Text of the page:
5 Shocking Stats About Using Your Phone While Driving

Distracted Driving - Texting while Driving

Distracted driving is a killer. Believe it or not, it’s considered to be just as lethal as driving while under the influence. One of the biggest risks that you take while driving can be found in that small, convenient, all too indispensable trapping of modern life: the cell phone.

Here’s a list of 5 of the most shocking statistics about driving and cell phone use. Once you’re done reading them, you just might give serious thought to never touching your cell phone again when you’re behind the wheel.

1. Actual driving tests in controlled environments have shown that texting while driving can lead to a much longer response and braking time than driving while intoxicated. What these tests tell us is that texting while driving is actually more dangerous than drunk driving.

2. 46% of teenagers admit to texting while driving. Considering the vast number of teen drivers on the road, this is a frightening statistic. Coupled with the aforementioned statistic about texting being more dangerous than drunk driving, we’re left with a rather disturbing impression of the level of danger we expose ourselves to whenever we get into our cars.

3. 13% of adult drivers say that they’ve used their cell phones to surf the internet while driving. This is a sobering statistic that reminds us that teenagers aren’t the only ones being driven to distraction (pun intentional) over those new fangled, shiny toys that continue to revolutionize our daily lives. It also shows us that a surprisingly high number of “grown-ups” are dropping the ball with respect to setting good examples for younger drivers.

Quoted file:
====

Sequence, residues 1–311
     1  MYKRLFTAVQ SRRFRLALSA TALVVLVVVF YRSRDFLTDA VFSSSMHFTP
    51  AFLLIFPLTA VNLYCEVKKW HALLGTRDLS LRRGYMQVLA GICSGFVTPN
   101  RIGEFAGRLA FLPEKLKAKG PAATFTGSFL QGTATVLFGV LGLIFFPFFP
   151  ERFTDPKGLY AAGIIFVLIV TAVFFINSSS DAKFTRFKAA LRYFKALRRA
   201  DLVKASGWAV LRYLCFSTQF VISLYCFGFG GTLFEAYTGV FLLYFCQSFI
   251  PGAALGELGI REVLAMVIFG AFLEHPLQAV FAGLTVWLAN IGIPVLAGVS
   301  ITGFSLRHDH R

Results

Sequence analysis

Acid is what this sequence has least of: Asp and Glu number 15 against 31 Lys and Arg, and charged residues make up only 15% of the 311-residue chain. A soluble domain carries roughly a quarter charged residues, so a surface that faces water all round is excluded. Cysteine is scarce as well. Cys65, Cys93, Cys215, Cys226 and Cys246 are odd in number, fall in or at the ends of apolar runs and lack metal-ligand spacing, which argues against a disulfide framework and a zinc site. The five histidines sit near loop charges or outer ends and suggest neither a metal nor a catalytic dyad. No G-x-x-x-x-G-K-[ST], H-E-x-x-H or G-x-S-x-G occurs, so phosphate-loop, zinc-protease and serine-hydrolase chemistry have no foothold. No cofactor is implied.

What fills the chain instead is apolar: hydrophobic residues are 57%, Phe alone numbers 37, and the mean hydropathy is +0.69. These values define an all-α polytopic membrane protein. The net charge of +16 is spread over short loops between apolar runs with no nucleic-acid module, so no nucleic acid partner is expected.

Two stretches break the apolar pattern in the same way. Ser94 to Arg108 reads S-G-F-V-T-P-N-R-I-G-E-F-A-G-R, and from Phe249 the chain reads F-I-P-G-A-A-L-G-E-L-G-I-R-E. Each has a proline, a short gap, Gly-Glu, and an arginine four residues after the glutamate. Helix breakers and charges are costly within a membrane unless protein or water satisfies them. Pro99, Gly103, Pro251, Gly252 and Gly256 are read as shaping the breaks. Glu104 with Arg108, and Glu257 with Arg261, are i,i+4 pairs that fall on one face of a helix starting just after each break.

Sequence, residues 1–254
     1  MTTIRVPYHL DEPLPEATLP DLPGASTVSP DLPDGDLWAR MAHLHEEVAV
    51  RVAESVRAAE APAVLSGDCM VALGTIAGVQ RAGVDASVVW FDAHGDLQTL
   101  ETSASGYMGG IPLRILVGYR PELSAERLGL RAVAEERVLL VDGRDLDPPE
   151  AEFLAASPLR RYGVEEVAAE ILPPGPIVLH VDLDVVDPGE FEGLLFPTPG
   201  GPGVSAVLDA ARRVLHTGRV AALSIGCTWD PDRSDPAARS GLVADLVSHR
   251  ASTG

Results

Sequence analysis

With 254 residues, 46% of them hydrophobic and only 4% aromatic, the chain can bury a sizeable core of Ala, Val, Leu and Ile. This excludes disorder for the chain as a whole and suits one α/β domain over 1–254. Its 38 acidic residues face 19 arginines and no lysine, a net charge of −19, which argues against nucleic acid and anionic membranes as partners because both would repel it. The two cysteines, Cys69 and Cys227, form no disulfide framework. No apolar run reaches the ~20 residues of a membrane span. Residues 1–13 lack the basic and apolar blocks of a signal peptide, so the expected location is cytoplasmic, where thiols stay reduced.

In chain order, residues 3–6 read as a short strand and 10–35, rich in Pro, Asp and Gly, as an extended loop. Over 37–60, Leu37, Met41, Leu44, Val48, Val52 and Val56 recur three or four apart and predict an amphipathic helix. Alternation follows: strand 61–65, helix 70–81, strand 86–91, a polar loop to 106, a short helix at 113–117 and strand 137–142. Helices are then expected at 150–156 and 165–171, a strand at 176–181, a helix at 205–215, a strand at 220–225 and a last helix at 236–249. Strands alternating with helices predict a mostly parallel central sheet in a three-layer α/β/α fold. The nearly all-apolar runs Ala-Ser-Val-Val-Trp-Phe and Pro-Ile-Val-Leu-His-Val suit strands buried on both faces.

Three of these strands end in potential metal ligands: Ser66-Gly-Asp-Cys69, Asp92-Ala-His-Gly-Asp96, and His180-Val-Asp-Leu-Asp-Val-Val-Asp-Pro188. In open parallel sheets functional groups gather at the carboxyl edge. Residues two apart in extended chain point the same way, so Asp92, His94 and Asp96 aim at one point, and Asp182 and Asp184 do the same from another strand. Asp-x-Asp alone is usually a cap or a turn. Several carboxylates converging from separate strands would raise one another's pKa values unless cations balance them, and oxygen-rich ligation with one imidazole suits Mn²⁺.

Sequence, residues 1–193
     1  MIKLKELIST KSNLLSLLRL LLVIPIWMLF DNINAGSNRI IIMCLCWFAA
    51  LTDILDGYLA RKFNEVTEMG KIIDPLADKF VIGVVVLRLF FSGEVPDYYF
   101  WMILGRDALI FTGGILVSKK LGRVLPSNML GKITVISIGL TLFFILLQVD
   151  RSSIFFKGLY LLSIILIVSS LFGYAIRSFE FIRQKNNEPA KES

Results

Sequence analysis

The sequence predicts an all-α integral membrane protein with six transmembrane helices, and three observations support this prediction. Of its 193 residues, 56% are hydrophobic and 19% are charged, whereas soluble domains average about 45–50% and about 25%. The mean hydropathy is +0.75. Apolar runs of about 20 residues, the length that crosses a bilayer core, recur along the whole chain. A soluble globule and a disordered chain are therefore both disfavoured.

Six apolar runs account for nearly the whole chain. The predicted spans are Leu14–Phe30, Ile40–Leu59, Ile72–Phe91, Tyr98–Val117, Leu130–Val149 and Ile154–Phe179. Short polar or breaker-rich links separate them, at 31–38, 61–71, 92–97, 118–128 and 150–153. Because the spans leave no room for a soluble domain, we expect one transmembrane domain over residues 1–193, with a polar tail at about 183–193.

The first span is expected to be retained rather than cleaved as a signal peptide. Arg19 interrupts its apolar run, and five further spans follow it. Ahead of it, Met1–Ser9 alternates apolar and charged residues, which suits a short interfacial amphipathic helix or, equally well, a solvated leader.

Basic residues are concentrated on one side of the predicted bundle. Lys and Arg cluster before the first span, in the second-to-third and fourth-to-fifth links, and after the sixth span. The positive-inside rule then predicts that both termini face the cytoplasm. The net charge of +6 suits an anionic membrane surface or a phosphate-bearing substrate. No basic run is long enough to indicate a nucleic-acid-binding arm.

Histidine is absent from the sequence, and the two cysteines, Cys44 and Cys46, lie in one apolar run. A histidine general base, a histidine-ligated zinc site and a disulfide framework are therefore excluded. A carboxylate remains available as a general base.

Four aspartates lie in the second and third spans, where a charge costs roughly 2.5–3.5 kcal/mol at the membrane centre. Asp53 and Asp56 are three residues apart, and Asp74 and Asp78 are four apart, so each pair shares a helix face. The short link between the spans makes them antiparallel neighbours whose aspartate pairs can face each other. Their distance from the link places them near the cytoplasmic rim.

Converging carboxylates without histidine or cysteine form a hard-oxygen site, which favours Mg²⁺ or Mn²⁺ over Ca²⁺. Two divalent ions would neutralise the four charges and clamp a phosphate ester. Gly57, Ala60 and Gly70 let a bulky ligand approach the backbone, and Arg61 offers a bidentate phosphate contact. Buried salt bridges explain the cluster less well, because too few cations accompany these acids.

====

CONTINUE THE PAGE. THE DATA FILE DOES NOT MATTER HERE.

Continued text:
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4. Every 24 seconds, there’s a texting-related car accident in the United States. So far this year, the number of car accidents directly related to texting and driving is well over 800,000 – and racing towards the one million mark with every passing second.

5. While many states are moving to ban the use of handheld phones by drivers, there’s evidence that shows the alternate use of hands-free devices may be just as dangerous. The reason? Distraction. Sure, using your cell phone’s speaker capabilities or sticking a Bluetooth in your ear may free up your hands to do the driving. But the distraction caused by the conversation itself is considered to be where the real threat to safety lies. The NTSB calls this “cognitive distraction.”

Most of us would never dream of sliding behind the wheel after having a few drinks. But the statistics tell us that there are plenty of people who are perfectly willing to ramp up the danger factor by talking, texting, or web surfing while flying down the freeway at 75 miles per hour. The next time you’re driving somewhere and the urge to pick up your cell phone to find out what your BFF is up to strikes, don’t just think about the danger you’re putting yourself in – but the danger that you’re subjecting everyone else to, as well. And if your cell phone is just too darn distracting to ignore, maybe it’s time to shut it off while you’re going from Point A to Point B.